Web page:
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He was my idol, my hero

His father and mother were contemporaries of my own parents.  I knew his parents well, though he was just in the first grade the year I graduated from high school.  Jim Farmer would go on to become a basketball star at Houston Academy, the University of Alabama and several NBA teams after being a first round pick in 1987.

Jim was standing in a group of men prior to the basketball game Saturday afternoon between the #2 ranked Houston Academy Raiders from Dothan and the Bayside Academy Admirals from near Mobile.  He pointed to my brother and said, “As a young kid, Ernest was my idol, my hero.   I wanted to be just like him”.

Jim Farmer, Victor Newman, Paul Lennicx and my brother, Ernest Ponder, were all installed into the inaugural class of the Sports Hall of Fame for their high school, Houston Academy.   At a luncheon before the basketball game, each of the former athletes was introduced by someone from their past.  The other three were introduced by teammates who had remained friends these many years.   

Ernest was surprised by being introduced by his former high school coach, Lavon Kelley, who started the football program at HA in the early 1970’s.  Coach Kelly, whose son, Charles, has been the Defensive Coordinator for the Florida State Seminoles for the past few years, called Ernest “the greatest athlete I have ever coached”.  No small words coming from a man who has been honored many times for his own accomplishments. 

I was already at Auburn when Ernest hit his stride as a star athlete.  There was no internet or cell phone to keep up with his career.   I would occasionally make it back home for a football or basketball game, but I mostly kept up with him through the Dothan Eagle and my weekly calls home.

It was not lost on me, however, what an outstanding athlete Ernest was.  He was an exceptional running back that scored 19 touchdowns his senior year before being named a Prep All-American.  He was named All-State in both his Junior and Senior years before signing a football scholarship with the University of Georgia.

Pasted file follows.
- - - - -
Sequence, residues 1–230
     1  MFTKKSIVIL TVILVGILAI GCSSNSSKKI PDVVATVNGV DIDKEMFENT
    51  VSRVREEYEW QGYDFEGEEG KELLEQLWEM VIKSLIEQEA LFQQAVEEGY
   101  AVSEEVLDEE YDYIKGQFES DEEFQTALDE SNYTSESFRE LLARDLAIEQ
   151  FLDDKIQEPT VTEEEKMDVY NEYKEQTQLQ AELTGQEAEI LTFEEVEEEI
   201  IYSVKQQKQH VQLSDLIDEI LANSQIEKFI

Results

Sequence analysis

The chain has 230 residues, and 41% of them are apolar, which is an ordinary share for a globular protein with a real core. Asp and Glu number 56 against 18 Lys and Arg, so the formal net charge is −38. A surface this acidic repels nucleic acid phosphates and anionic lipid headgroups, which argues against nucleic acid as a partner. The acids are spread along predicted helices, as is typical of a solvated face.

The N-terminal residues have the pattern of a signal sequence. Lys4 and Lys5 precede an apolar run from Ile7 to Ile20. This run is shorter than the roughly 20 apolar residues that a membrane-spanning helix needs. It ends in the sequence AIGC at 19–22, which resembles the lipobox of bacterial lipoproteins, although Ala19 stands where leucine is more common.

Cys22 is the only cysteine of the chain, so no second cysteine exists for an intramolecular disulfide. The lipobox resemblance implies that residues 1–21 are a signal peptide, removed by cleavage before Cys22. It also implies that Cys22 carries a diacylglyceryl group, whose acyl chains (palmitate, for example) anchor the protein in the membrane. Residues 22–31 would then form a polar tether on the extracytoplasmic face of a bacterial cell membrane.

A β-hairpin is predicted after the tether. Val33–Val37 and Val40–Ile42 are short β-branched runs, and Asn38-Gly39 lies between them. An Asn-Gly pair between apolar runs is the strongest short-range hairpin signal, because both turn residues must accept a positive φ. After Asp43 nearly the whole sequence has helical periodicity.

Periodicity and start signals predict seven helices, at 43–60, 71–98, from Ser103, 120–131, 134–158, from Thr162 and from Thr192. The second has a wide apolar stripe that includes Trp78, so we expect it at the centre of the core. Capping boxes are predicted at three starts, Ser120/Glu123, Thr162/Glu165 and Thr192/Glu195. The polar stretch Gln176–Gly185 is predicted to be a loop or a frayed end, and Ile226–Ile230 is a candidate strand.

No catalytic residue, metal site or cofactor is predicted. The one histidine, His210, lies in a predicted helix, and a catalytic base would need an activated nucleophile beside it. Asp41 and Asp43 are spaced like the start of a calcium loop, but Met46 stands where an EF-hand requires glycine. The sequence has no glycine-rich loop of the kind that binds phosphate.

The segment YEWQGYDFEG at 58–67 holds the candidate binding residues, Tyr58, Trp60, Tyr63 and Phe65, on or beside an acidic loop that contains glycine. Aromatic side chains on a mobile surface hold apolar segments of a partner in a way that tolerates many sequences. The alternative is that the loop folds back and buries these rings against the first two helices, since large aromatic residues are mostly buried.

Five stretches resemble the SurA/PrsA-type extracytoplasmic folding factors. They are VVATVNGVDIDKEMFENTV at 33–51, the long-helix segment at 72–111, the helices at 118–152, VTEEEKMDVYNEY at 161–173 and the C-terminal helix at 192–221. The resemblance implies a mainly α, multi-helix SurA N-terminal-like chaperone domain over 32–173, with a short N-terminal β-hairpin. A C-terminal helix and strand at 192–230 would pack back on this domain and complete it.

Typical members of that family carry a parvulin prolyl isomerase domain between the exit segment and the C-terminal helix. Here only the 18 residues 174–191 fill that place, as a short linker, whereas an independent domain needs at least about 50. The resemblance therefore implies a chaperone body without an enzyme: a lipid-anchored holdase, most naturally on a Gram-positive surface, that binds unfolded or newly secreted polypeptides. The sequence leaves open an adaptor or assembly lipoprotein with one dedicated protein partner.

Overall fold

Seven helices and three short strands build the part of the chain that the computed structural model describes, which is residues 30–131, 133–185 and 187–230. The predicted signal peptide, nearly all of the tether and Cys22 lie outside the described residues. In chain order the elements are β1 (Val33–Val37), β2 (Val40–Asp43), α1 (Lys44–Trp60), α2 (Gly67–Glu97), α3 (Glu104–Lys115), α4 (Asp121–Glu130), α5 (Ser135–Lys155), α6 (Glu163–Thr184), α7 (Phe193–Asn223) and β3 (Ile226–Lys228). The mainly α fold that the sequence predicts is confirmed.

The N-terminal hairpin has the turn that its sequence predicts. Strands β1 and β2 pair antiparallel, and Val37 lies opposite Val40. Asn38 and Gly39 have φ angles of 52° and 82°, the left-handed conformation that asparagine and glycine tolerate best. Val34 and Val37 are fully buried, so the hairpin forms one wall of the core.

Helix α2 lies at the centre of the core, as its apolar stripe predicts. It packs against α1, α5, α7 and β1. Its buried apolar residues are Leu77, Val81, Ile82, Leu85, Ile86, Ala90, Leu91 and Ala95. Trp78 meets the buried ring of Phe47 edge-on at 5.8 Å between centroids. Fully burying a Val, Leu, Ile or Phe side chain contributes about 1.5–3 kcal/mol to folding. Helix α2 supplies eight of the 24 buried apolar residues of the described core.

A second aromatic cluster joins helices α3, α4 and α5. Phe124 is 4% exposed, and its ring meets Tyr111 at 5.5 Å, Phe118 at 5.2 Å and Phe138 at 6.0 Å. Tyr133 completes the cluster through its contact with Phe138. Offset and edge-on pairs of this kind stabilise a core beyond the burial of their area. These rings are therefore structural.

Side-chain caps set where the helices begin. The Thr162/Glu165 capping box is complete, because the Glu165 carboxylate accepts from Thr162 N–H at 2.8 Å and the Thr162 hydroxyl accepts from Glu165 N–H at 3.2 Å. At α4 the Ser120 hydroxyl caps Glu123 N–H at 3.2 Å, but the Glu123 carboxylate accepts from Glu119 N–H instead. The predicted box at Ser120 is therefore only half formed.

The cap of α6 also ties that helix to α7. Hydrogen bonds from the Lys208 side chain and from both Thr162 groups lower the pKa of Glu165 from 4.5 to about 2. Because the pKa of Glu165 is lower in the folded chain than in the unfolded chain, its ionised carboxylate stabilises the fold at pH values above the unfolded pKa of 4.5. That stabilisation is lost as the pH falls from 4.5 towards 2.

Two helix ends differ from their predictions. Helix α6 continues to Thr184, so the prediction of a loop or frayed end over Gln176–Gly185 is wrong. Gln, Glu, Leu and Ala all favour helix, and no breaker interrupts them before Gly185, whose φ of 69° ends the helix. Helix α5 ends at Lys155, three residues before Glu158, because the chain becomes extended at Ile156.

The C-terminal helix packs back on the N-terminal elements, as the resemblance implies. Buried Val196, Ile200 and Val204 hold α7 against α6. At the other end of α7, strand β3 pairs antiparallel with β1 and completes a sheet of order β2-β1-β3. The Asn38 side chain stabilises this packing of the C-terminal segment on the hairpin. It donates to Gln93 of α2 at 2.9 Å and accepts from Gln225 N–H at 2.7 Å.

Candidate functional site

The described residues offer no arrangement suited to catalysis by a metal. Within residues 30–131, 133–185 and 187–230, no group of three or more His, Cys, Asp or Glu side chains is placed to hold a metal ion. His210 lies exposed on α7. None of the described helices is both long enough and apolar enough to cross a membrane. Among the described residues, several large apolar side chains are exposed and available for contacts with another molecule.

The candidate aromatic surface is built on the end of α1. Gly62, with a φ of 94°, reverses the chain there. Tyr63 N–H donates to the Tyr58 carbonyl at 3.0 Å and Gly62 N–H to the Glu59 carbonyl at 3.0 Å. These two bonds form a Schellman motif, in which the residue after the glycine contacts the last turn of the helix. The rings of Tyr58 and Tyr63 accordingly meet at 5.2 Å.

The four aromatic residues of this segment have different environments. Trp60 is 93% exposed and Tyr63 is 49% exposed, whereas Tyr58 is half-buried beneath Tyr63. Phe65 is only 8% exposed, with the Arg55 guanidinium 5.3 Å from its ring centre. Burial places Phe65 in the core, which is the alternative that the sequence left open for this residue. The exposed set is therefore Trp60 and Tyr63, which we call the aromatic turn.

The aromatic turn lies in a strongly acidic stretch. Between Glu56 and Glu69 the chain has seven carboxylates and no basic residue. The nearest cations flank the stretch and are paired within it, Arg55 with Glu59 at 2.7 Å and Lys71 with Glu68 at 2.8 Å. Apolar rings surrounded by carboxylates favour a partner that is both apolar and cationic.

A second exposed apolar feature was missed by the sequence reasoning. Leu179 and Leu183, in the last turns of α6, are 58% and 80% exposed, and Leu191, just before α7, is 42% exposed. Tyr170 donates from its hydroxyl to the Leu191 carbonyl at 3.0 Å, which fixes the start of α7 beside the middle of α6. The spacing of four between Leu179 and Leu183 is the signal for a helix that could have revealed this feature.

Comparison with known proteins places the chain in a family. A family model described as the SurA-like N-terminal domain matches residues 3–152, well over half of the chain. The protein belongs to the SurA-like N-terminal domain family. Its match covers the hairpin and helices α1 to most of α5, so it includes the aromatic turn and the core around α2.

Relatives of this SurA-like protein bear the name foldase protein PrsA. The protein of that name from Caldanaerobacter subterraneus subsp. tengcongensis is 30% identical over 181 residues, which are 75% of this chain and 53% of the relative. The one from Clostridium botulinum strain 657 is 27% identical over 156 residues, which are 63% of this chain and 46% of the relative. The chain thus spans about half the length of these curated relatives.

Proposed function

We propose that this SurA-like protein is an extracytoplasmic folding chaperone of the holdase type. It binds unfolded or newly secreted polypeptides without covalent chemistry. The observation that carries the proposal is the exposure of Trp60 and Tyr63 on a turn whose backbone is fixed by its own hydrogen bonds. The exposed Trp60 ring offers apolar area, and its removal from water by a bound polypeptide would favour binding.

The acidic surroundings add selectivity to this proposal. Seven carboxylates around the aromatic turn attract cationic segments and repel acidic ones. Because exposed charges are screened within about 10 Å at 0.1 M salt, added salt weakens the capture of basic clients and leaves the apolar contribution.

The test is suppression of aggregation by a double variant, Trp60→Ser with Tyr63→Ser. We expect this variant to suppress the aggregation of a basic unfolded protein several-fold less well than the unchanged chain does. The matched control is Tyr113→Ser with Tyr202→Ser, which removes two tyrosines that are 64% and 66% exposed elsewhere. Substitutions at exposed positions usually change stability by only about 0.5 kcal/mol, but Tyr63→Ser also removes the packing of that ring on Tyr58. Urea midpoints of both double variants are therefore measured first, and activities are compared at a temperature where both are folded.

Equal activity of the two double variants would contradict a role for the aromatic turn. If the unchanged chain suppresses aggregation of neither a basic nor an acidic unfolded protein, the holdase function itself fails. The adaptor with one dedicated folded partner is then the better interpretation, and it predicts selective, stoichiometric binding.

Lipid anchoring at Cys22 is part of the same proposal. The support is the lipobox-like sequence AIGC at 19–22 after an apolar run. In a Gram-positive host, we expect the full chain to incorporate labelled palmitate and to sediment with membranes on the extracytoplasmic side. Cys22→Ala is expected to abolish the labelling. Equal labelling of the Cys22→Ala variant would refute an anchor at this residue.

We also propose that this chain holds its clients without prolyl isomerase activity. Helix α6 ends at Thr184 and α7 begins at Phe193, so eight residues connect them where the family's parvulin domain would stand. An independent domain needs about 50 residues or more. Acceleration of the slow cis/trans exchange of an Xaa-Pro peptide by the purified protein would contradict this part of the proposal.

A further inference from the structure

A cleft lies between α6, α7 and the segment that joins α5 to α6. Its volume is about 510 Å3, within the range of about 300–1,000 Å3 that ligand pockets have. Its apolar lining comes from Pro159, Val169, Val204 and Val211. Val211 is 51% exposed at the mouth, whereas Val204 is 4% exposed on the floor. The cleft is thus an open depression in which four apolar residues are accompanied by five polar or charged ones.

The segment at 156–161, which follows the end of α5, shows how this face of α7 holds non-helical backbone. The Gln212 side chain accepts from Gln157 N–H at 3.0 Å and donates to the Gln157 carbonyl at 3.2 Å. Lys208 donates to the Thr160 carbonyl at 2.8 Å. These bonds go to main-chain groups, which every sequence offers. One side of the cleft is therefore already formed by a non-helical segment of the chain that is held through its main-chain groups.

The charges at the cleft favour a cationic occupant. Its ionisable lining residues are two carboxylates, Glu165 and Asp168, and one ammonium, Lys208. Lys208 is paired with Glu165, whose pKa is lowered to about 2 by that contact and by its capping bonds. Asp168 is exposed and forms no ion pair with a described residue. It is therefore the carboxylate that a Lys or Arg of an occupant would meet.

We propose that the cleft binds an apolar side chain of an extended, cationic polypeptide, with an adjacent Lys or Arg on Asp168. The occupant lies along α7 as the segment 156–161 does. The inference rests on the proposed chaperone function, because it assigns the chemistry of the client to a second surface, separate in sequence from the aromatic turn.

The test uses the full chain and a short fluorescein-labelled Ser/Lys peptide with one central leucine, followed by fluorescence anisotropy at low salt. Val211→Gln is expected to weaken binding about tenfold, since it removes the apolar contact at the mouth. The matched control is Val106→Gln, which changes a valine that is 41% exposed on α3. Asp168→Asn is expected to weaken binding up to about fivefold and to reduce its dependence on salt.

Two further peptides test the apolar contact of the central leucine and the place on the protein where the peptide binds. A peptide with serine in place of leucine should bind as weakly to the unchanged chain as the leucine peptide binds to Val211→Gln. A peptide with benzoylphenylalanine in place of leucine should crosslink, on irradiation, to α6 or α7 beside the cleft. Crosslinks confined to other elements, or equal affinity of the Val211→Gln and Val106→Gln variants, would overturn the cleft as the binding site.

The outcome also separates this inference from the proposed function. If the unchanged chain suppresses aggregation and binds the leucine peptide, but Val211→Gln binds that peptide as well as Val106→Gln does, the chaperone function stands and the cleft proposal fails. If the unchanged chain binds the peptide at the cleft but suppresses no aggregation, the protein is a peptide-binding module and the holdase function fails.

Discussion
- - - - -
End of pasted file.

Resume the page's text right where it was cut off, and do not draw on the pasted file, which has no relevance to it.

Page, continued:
Ernest averaged over 24 points a game during his basketball career, not just his senior year, but over his entire four years as a starter.  He frequently scored more than 50 points in a game and this was before the 3 point shot.  He was also named All-State in basketball during his senior year. 

Ernest was not just a good athlete.   One of his many awards his senior year was being named the Top Scholar Athlete for his class.  However, it was Coach Kelly that reminded me of one of my favorite memories of Ernest during this time.

My brother was invited to play in the State All-Star Game in both football and basketball, an honor that few, if any, at the time had received.  At the time, the state had a rule that no more than one person from the same high school could play in an All-Star game.  For some reason, you could not play in the All-Star game in both sports.

Ernest went to Coach Kelly and told him he wanted to play in the All-Star Basketball Game, rather than the football game.  That would allow his teammate, Richard Stabler, who was an excellent athlete himself, to play in the All-Star Football Game.   

Injuries at UGA caused Ernest’s football career to end before he had a chance to achieve the same success in the SEC.  He carries three vertebrae in his back from an anonymous donor that finally allowed him to stand straight without pain. 

But Ernest’s gesture to his teammate in choosing to play the All-Star Game in basketball told the real story of this man, my brother.   He has a heart that big.  It was and still is his greatest gift and his greatest talent. 

As I watched grown men walk up to him and tell him how they had always wanted to meet him, and how they remembered his athletic abilities over 40 years later, I was struck how you touch peoples’ lives even when you are a teenager.  He was Jim Farmer’s hero back then.   He is my hero now.